Robert: Considering our different preferences and influences, we try to reach some sort of consensus when we make new songs. Sometimes that isn’t easy, but it works.
How does the creative process work out then? Explain to us the Kolari song production process from first idea of a song til you go to the studio?
Robert: What you can say about this band is that music always comes first and then I write the lyrics, and the three of us do this together and Stephan is the poor chap whom I tell “Here! Do this now!“.
Tim: “Scream that!“
Robert: Who also always thinks “Oh my god, what was he even thinking? Why there, in this part of the song? Why doesn’t he care about that I need breaks to breathe?“.
Tim: “And what word is this?“
Robert: (laughs) Exactly! And “How do you spell that?“ (laughs). Basically, the three of us sit together and work on the lyrics. Song writing in this band is by no means that easy because of different influences. Everyone of us has a certain sound in his head and very often it results in a some sort of a conflict.
Tim: We had three rehearsals in a row where we restructured the songs completely, then we have an argue about it, went for a smoke and then came back to do something different. Usually it takes three rehearsals. Very often there‘s a breakthrough during the fourth rehearsal and at least half of a song is finished.
Robert: Talking explicitly about the EP, we actually just had one song finished two weeks before we had booked a slot for drum recordings in the studio, the others were not done. I was like “Alright, that was it“. Again it happened that Tim was trying on his own, we were trying stuff out here, and again it didn’t seem to work out.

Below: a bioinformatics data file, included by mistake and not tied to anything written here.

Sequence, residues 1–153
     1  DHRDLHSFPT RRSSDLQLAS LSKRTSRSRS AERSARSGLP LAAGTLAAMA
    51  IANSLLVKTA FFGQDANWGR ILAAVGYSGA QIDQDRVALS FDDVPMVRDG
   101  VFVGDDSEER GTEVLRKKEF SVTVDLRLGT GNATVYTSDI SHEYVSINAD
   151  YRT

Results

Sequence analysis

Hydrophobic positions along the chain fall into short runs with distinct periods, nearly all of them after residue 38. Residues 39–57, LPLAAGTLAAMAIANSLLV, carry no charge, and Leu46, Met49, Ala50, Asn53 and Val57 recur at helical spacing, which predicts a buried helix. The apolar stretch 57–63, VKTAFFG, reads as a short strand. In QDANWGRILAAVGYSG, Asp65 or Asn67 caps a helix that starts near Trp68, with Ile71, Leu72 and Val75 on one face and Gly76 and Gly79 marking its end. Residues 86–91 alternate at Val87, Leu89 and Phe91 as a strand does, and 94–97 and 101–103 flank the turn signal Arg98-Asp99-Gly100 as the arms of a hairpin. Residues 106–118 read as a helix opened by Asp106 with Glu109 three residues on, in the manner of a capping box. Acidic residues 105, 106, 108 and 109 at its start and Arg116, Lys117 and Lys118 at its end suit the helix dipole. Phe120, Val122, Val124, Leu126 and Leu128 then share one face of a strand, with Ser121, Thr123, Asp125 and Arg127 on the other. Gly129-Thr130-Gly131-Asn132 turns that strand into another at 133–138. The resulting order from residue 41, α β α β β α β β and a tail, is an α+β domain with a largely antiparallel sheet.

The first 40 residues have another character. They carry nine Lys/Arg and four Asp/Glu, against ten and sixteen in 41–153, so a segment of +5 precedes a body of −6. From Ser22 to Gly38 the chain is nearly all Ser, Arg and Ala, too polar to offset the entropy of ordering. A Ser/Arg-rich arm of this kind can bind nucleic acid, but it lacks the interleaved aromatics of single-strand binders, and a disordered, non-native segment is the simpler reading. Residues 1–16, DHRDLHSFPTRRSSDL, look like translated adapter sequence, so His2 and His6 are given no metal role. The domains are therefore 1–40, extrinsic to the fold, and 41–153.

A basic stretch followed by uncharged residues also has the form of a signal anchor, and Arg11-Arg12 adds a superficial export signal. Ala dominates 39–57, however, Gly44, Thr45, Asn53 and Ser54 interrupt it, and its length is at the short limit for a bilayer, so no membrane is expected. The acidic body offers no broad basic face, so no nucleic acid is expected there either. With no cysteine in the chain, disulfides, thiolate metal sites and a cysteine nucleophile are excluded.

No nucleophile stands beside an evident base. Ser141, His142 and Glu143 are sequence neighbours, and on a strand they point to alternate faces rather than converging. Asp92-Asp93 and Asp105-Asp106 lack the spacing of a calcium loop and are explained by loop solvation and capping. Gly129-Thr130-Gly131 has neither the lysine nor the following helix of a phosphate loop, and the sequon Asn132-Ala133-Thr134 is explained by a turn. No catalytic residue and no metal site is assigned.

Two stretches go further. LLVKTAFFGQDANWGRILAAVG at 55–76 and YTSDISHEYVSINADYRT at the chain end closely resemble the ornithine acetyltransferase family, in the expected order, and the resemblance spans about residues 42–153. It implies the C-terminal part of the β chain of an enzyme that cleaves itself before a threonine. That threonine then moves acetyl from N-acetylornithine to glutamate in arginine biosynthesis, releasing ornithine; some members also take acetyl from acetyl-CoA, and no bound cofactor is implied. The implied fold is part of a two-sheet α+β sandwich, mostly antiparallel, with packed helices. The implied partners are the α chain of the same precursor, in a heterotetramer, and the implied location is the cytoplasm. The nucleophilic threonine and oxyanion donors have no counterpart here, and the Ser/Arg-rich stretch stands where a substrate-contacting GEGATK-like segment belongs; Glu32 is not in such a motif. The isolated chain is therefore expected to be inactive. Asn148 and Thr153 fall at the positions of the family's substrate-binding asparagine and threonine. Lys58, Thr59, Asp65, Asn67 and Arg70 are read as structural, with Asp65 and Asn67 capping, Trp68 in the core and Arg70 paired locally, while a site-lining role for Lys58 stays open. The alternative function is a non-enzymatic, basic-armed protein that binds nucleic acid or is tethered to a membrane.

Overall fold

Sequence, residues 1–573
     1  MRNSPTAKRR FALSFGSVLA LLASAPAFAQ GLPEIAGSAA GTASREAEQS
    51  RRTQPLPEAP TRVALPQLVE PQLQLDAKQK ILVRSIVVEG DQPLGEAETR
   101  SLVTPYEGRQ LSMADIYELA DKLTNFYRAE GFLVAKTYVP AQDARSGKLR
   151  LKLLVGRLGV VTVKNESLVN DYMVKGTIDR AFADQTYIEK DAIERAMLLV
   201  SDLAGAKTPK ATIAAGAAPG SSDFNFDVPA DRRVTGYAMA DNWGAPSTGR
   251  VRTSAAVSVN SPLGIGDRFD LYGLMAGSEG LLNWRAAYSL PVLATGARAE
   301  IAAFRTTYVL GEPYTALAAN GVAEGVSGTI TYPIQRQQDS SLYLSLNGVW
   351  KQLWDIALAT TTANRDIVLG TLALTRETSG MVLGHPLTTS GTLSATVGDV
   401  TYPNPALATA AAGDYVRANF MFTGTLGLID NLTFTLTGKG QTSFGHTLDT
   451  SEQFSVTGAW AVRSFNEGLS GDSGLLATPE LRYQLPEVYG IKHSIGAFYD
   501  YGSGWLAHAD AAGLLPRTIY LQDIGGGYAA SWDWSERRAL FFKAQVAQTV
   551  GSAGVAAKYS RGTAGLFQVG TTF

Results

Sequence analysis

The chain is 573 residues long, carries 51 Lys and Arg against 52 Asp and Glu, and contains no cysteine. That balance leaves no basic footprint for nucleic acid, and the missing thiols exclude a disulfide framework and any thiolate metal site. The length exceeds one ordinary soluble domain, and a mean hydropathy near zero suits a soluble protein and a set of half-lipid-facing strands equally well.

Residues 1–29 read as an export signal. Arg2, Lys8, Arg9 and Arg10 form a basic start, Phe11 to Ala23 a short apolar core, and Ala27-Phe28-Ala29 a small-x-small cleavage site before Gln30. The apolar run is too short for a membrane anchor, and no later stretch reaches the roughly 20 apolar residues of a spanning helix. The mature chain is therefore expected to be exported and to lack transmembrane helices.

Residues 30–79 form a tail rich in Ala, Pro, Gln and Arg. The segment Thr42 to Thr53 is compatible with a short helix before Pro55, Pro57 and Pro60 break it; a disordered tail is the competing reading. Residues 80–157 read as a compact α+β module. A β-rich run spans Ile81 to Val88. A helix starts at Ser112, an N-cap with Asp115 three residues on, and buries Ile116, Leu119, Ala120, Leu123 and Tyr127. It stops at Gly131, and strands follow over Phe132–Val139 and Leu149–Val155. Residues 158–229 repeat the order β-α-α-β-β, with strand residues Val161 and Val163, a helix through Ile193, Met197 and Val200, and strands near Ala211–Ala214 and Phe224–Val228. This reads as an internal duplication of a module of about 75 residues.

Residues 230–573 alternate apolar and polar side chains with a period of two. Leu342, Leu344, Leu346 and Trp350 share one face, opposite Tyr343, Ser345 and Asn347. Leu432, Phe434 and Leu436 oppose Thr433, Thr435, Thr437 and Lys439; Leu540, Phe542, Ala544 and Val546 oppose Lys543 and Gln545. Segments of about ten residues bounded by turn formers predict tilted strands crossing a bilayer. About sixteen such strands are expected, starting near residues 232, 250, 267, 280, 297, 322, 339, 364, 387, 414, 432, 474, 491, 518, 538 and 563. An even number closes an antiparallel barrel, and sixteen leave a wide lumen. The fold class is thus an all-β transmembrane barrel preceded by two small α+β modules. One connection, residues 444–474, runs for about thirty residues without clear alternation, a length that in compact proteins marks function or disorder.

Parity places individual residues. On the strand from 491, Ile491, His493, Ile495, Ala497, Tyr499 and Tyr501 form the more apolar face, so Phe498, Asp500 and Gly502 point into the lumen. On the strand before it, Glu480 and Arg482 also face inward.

What really helped us out was to let our drummer play the guitar and he suddenly came up with a chord to the part where we were stuck, so we started to work there. I tried it out for two nights and then somehow the song was completed.
Tim: I just have to mention that Basti, our drummer, can replace everyone of us easily because he plays every instrument better than anyone of us (laughs). I would have felt constantly threatened if it wasn‘t that he‘s tiny.
You said that sometimes songwriting can result in a “conflict“. Is is true that it took about one and a half year to finish your first album?
Tim: Even longer, wasn’t it?
Robert: I wouldn’t say that, not in terms of writing songs. After the “French Grammar“ EP we were like “We are a band, we need to play.“ By the end of 2015 we said “Let’s go to the studio by the end of 2016“. We had effectively half a year of songwriting.